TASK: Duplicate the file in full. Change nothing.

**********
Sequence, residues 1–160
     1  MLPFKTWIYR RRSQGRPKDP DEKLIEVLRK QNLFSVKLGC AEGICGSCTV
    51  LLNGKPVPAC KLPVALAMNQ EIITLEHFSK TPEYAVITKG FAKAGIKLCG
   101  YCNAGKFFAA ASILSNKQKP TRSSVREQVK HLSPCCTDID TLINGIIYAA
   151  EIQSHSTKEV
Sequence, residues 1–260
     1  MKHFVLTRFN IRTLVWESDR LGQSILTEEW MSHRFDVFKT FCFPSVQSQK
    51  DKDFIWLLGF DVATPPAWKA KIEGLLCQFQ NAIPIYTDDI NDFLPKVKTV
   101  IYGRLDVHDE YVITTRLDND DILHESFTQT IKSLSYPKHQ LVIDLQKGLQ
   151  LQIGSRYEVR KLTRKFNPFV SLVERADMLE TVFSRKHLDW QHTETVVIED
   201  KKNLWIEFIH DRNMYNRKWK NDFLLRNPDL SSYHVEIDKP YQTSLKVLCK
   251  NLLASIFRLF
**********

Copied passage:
Sequence, residues 1–160
     1  MLPFKTWIYR RRSQGRPKDP DEKLIEVLRK QNLFSVKLGC AEGICGSCTV
    51  LLNGKPVPAC KLPVALAMNQ EIITLEHFSK TPEYAVITKG FAKAGIKLCG
   101  YCNAGKFFAA ASILSNKQKP TRSSVREQVK HLSPCCTDID TLINGIIYAA
   151  EIQSHSTKEV
Sequence, residues 1–260
     1  MKHFVLTRFN IRTLVWESDR LGQSILTEEW MSHRFDVFKT FCFPSVQSQK
    51  DKDFIWLLGF DVATPPAWKA KIEGLLCQFQ NAIPIYTDDI NDFLPKVKTV
   101  IYGRLDVHDE YVITTRLDND DILHESFTQT IKSLSYPKHQ LVIDLQKGLQ
   151  LQIGSRYEVR KLTRKFNPFV SLVERADMLE TVFSRKHLDW QHTETVVIED
   201  KKNLWIEFIH DRNMYNRKWK NDFLLRNPDL SSYHVEIDKP YQTSLKVLCK
   251  NLLASIFRLF